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A Solid Foundation
Peer tutors don't have to have a perfect grasp of Spanish--after all, they are still students themselves. The "peer" part of peer tutoring includes modeling not just an advanced understanding of Spanish but also the learning process, with all its trips and stumbles. When peer tutors have to search for an answer to their student's question, they are actually building credibility--as a peer.
With that being said, peer tutors do need to steer the students they are helping toward proper answers, skills and techniques. While their understanding of the new language doesn't have to be perfect it should be consistent, and they should have a very good understanding of the fundamentals they may be called upon to teach or explain. Here are some of the clues that may demonstrate a student is ready to take on the job of Spanish peer tutoring:
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Syllable Emphasis and Pronunciation
Spanish is a relatively easy language to pronounce. Each vowel makes only one sound, no matter where it is located in a word. Consonants are consistent too, as a rule, with c being the radical exception (two possible pronunciations instead of one).
Placing emphasis on the appropriate syllable is also a very simple process in Spanish, with regular rules and a clear indication (accent mark) whenever a word deviants from these rules.
Test your potential Spanish peer tutor's ability by having him read from a Spanish-language passage that is just past his current ability. Look for three things: Clear, consistent pronunciation, including stress on the appropriate syllables; the ability to pronounce a word correctly even if he does not understand its meaning; and, perhaps most important of all, the willingness to admit he does not understand a word as opposed to pretending or making something up.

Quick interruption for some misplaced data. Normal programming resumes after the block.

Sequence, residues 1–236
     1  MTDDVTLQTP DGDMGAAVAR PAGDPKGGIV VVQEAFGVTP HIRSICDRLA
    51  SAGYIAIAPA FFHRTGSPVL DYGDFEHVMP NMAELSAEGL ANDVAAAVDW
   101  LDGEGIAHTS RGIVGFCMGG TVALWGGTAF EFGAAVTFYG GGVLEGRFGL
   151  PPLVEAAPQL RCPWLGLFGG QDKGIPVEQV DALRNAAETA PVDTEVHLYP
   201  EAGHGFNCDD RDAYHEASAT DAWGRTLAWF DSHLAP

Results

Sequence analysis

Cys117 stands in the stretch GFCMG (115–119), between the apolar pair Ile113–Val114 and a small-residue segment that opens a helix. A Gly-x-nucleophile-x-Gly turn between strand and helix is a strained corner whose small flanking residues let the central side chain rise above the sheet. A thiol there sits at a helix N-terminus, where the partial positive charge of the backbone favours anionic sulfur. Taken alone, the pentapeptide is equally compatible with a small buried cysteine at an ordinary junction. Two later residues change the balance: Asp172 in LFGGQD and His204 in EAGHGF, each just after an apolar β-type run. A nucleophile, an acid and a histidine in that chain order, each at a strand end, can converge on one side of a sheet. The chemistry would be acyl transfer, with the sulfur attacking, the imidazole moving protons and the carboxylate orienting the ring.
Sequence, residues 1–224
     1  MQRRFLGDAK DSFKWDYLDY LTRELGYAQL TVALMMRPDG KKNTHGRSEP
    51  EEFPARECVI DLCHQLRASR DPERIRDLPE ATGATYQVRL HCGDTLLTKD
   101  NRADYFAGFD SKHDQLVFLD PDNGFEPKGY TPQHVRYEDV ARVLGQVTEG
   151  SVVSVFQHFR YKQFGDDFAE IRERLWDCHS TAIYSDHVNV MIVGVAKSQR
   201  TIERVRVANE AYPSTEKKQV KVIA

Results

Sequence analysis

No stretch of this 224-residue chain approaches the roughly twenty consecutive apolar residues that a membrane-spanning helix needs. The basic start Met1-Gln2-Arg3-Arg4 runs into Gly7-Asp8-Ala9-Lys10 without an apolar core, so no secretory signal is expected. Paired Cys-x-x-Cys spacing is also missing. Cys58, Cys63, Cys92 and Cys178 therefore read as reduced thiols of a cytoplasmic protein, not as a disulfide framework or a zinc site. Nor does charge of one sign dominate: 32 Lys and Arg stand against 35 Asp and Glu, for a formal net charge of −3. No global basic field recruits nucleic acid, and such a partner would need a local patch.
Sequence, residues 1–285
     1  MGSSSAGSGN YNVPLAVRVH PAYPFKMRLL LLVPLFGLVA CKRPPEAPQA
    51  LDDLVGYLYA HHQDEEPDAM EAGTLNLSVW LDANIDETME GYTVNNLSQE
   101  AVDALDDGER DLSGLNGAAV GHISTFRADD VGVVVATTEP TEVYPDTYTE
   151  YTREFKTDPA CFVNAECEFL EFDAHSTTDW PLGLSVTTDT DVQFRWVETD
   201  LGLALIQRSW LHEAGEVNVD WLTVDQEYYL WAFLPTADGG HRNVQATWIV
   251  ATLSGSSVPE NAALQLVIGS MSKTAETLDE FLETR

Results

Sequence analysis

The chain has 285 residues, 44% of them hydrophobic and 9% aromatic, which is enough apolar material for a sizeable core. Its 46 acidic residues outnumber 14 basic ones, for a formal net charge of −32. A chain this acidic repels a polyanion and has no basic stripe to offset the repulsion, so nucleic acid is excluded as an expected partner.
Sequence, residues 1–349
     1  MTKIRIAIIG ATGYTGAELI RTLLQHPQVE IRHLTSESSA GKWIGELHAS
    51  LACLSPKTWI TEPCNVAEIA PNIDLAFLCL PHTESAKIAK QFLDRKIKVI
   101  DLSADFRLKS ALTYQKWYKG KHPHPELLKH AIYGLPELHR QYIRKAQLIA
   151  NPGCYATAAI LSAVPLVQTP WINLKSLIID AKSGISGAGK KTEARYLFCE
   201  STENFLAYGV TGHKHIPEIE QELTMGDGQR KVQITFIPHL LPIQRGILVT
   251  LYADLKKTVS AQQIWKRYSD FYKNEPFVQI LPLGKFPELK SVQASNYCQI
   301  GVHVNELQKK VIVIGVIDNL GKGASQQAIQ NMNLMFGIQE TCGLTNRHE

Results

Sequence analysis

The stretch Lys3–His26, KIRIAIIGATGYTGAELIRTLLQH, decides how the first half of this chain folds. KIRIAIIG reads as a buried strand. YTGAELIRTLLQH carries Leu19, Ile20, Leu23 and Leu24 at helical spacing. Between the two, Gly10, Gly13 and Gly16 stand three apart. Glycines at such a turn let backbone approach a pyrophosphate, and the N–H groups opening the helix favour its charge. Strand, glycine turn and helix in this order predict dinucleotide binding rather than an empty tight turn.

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If your student has a good grasp of the absolute basics and is willing to admit when he doesn't know the answer to a question (be sure to stress that this is OK--after all, he's still a student too, and anything he doesn't know is an opportunity for learning) then he may be ready to peer tutor other Spanish students. However, is he able to answer the inevitable string of "Why?" and "How?" questions that a beginner will bring to basic concepts he has already internalized? Test him by having him prepare and teach a review of one basic concept to the entire class. Watch how he presents the material--is it logically organized? Does he cover all the important concepts? Can he answer questions clearly and appropriately?
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Open Channels of Communication
Make sure to stay in constant contact with both your peer tutor and his Spanish student or students. Personalities may or may not mesh, they might encounter a particularly difficult lesson or the student may even advance past the tutor's abilities. Make it clear that you are ready, willing and able to act as a resource for both students as they learn together. As teacher, you are still an integral part of the peer tutoring equation.
Finally, make sure your peer tutor is rewarded for his effort. This may include giving credit for peer tutoring in place of or in addition to credit for selected assignments. Keep careful watch to make sure that the extra work of Spanish peer tutoring doesn't become so much of a burden that it causes him to struggle in your class or others.